Sometimes it’s best to start at the end. So, my first post about my April trip to the Dry Tortugas and the Florida Keys will be the story of how we found one, maybe two, but definitely one Mangrove Cuckoo. (And yes, I am one of those people who, when I think of Mangrove Cuckoo, can’t help singing “Cuckoo for Cocoa Puffs!”, sometimes out loud.)
Mangrove Cuckoo, Coccyzus minor, is a bird that has eluded many seekers. It is elusive. It is silent, except during breeding season, and even then its location can be enigmatic. Can you see the Mangrove Cuckoo in this photo? Its numbers are in decline in Florida. I had looked for Mangrove Cuckoo on two previous occasions: my 2006 January trip to Ding Darling and a quick trip in March 2010 to Key Largo. Mangrove Cuckoo is sometimes seen at Ding Darling, even in winter, but I didn’t looked very hard. I was still a beginner birder in 2006 and half-expected the bird to pop up in front of me, like a prize for making the trip on my own. My drive to Key Largo was squeezed in during one of my family visits to south Florida; I drove across the bridge as the sun rose and entered Dagny Johnson Botannical Park shortly after dawn. Mangrove Cuckoos breed in the Keys, and reports of the bird being found at Dagny Johnson periodically appear on the Tropical Audubon Birdboard. But, I was there too early in the year, and though I am sure the cuckoos were around somewhere, they did not make themselves known to me.
Mangrove Cuckoo was at the top of the list of target birds Ian and I carefully drew up when we planned our Florida excursion, and it turned out it was at the top of the list for other birders on our Dry Tortugas trip. We pooled info on the ride back to Key West. Mangrove Cuckoo had recently been reported in Sugarloaf Key, a small island that is part of the lower Florida Keys, and John had gotten the coordinates. Not far at all from Key West. The seven of us who did not have planes to catch made plans to meet at the “cuckoo coordinates” on Sugarloaf Boulevard, also known as CR 939.
We did not see the Mangrove Cuckoo at the magic coordinates. We played every Mangrove Cuckoo call we had from our pooled resources of phone apps and bird CD’s. We looked. We hoped. We listened. Nothing. Three of our group went on their way, four of us continued. Larry Manfredi, the leader of our Dry Tortugas trip, had told us the bird could be found anywhere on Sugarloaf in the proper habitat. And, Larry knows Cuckoos.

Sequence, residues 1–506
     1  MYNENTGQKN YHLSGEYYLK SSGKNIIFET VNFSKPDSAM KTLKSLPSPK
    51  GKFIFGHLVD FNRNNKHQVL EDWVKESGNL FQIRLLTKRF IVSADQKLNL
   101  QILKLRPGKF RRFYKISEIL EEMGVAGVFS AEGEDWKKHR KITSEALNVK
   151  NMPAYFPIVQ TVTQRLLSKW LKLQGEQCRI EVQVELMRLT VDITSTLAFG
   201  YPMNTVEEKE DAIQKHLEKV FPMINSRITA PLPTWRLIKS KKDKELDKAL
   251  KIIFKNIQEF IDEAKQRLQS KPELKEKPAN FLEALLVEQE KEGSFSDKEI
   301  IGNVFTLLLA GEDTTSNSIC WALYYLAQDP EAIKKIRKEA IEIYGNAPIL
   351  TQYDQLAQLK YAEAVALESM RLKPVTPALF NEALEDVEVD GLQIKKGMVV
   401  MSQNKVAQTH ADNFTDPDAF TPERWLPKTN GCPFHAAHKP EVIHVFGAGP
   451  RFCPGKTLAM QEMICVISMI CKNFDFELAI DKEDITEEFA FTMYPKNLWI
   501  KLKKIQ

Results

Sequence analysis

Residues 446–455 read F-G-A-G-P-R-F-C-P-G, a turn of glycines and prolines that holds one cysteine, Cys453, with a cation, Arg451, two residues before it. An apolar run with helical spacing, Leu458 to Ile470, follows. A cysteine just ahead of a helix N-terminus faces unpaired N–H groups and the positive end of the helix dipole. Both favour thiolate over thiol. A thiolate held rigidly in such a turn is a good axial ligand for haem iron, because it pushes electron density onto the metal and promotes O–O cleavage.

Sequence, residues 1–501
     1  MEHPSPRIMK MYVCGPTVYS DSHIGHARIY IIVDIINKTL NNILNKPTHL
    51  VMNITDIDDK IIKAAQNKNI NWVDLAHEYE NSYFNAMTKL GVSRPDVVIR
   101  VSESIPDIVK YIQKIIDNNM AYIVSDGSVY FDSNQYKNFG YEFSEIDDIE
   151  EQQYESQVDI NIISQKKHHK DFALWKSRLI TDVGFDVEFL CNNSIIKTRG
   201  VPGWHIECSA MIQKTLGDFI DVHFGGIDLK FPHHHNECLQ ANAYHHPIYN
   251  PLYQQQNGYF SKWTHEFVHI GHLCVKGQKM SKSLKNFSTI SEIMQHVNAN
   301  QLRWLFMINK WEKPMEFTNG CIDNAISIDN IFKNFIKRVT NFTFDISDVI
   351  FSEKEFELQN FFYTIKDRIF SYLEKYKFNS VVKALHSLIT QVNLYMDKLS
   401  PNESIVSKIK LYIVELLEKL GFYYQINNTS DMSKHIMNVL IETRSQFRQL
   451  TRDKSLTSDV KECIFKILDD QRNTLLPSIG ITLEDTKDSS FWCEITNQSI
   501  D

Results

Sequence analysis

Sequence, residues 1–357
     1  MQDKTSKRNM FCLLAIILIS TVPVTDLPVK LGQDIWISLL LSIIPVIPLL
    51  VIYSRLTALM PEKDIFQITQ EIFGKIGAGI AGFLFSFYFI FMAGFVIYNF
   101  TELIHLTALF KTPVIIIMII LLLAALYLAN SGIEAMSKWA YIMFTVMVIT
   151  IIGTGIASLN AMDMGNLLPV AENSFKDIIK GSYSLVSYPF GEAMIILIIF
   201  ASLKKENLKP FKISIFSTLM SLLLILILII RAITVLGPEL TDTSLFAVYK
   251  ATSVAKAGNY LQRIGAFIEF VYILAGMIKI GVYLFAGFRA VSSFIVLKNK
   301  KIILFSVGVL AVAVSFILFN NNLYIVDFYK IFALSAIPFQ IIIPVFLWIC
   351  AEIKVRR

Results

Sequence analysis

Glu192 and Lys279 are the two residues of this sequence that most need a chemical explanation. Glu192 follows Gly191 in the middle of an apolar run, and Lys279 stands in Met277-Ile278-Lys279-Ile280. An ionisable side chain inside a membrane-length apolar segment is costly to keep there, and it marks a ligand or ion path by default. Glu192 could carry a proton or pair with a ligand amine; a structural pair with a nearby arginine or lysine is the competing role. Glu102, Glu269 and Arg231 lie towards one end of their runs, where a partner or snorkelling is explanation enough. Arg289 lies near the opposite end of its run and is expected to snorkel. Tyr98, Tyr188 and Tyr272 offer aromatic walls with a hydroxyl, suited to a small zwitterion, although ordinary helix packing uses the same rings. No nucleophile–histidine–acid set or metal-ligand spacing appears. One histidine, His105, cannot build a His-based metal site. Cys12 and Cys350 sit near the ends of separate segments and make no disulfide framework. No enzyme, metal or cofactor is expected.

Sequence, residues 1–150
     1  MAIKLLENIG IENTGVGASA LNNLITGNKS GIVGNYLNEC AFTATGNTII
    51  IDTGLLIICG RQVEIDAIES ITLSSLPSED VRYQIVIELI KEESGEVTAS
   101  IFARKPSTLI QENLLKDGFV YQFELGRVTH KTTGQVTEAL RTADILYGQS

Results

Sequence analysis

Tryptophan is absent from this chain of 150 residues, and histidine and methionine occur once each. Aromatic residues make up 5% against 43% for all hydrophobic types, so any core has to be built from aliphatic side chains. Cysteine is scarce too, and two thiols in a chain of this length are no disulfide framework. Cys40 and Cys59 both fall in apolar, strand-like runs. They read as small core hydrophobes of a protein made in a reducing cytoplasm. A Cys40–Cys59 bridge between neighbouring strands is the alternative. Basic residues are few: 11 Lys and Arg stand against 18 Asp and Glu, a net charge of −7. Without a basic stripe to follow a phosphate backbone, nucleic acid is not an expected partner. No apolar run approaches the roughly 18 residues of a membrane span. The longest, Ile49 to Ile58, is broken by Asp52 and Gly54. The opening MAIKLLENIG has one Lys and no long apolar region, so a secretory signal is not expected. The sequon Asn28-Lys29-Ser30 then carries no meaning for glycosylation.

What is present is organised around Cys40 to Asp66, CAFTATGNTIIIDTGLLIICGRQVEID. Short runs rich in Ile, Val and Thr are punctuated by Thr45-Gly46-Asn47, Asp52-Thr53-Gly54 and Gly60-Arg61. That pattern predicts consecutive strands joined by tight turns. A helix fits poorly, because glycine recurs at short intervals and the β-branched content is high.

We were tired. It had been a long day, our last day birding Garden Key in the Dry Tortugas, birding on the boat ride back to Key West, photographing Bridled Terns and Brown Boobies, saying goodbyes as we decamped from the Playmate. We were determined. We continued down Sugarloaf Boulevard, which became a dirt road. We continued down the dirt road till we couldn’t drive anymore. There were mangroves all around us. A narrow dirt path continued into the woods, but Ian pointed out that the dead end itself felt very birdy. We couldn’t see a lot of birds, but we could hear them. We played cuckoo calls again. Nothing. So we waited.
A Red Junglefowl, a bird known as making its home in Key West, stepped out of the mangroves. This was very strange.
I became distracted by the dragonflies flying over a stream of water next to the trail. Little Blue Dragonlets, Erythrodiplax minuscule, mostly. I think, I hope. Small in size, wings forward. This is a female.
And then, we heard it. The distinct call of the Mangrove Cuckoo. We ran towards the call. We didn’t see anything, and then Joanne pointed to something flying over the road. Yes! The Mangrove Cuckoo! The bird was here! We waited. Calls from both sides of the road. And then, there it was, perched on a tree right at the edge, looking at us. We looked back. And we relished our good fortune, that we got to see this wonderful bird on our own, without guide or tape or predetermined coordinates. All it took was good ears and good counsel and a lot of patience.